Instead of just being surprised and chuckling about it, Brett's first reaction was aggressive loyalty. His exact words were “want me to look up where this fucker lives?”
Now that’s a “ride or die” bro right there.
I turned it down but it would’ve been an amazing movie scene straight out of Swingers:
“Hey! I had some more questions about your lecture!”
“Um, what? I’m at my home now?”
“I know, this’ll be quick, I promise!”
“Please get off my lawn.”
“Listen, I’m just curious what the support turnaround time is for a knuckle sandwich?”
And then pow in the kisser, a comeuppance decades in the making.
Go ahead and call the cops, I'll just tell them that it was revenge of the nerds.
Weirdly, I think of this kind of stuff a lot when I’m having fun with my little nephew.
He’s super into building massively complex structures in Minecraft, as well as physical creations with Lego blocks. His dream vacation spot is Legoland.
I try to encourage his interest in tech or whatever else he’s into but can't help it when my mind wanders. Whenever we’re off on one of our little adventures, I have little pauses here and there where I stop and wonder what kind of adult he’ll be and what the story is that he’ll tell himself about these formative years.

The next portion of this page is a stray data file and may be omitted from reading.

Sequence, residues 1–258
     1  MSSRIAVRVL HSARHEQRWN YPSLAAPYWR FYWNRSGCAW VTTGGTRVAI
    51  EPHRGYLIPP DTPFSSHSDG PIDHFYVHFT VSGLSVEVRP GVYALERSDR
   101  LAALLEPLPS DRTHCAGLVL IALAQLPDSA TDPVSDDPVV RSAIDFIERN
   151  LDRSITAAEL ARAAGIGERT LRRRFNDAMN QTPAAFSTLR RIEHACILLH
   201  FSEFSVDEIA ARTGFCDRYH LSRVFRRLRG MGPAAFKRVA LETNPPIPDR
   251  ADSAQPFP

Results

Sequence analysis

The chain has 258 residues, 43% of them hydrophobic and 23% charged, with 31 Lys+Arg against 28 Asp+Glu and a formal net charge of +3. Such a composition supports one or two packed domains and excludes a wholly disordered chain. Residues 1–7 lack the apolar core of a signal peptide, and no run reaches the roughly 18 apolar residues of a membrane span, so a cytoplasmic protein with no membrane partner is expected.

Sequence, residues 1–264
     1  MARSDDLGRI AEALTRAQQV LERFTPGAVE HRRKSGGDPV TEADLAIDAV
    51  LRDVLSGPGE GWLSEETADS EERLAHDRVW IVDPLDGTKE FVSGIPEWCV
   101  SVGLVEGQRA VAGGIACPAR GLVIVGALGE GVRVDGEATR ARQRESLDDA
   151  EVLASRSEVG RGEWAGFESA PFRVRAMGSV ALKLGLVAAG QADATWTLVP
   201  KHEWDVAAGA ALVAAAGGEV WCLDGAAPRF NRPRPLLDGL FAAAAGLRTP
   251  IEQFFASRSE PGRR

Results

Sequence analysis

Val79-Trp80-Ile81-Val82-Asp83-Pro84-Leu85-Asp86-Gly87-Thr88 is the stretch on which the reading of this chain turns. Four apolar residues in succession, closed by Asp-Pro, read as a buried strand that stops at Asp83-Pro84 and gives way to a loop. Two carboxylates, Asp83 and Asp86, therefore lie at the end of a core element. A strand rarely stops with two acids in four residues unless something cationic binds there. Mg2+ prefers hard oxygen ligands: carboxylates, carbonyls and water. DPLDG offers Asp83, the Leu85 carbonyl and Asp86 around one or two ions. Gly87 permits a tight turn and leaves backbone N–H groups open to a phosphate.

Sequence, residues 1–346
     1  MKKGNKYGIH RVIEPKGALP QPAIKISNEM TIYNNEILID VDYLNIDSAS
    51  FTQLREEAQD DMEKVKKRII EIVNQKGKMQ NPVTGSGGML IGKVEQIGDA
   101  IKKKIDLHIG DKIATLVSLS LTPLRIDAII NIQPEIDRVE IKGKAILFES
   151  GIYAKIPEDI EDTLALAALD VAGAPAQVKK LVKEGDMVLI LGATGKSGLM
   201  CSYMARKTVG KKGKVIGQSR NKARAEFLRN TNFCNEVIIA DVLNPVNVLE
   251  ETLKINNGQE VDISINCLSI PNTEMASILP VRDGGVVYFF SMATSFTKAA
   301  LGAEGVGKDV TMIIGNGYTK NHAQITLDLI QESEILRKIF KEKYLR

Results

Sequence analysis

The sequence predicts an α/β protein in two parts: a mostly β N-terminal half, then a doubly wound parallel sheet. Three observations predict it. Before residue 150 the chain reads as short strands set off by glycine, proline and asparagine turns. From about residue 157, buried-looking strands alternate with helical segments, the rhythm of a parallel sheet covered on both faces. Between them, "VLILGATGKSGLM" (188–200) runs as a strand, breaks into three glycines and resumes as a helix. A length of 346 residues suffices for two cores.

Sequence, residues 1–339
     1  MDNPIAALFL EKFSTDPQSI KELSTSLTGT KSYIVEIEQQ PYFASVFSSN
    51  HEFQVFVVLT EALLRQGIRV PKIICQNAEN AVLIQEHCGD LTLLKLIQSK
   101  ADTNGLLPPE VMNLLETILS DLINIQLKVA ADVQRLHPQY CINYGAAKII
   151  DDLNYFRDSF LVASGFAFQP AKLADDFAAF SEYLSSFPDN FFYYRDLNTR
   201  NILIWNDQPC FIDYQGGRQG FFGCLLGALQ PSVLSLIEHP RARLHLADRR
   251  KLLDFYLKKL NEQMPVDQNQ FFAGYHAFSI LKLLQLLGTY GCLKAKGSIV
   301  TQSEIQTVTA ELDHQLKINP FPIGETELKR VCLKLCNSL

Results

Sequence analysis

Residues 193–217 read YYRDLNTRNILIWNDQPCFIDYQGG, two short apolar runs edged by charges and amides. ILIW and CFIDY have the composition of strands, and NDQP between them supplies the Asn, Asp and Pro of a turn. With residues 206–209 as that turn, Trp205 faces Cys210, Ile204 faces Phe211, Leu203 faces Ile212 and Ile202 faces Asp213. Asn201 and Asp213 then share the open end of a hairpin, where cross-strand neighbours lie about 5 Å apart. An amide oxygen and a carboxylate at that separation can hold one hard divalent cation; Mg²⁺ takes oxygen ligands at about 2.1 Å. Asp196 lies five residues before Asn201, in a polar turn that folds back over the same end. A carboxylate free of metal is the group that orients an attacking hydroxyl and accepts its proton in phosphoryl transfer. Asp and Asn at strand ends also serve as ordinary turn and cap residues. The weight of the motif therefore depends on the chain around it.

What is his self narrative? Will it be like mine, full of torment that he had to suffer through before finding redemption?
Maybe it's a bit naive of me, but I hope that he’ll have similarly positive experiences at a vastly accelerated pace and without nearly as many drawbacks.
I mean come on, computers are cool now. It’s how you get your hands on the real version of Minecraft, which all the kids are obsessed with. So is programming, because that’s how you make unique customizations in the game, called mods.
Show and tell in the form of YouTube is also cool, so we started his first channel and he spent an entire weekend vlogging. He worked hard to shoot those videos and his appetite was barely satiated. I can tell that he’s just getting started on this journey to embrace his full nerdiness.
What really blew my hair back about how different things are today was when I found out that they even have summer camps in Minecraft where kids learn to code by making mods. It’s like a dev bootcamp for children. I would’ve done anything at his age to go to something like this, if it had existed.
My little guy’s head explodes every time I bring up the possibility of going to Minecraft summer camp and meeting other kids that are into it too. He’s been studying up on his reading skills just to get ready to program.
It seems that no matter how much things have changed, nerds of a feather still flock together, at any age.
So all this time later, after an entire lifetime as a tech enthusiast and 15 years into my career, I wonder: what is the first program other geeks write for themselves, after they get through the initial Hello World tutorials? Do they also create rudimentary chatbots to fill the void until they found their tribe?
I can't be the only nerd that wrote some version of my one-sided AI conversation with Foura or had similar epiphanies about finding your people. It’s funny to think of the tech industry as being so powerful at connecting people when it’s been fueled by an engine of lonely childhoods, but maybe that won’t be the case for much longer.
Originally published Mar 22, 2017 on Medium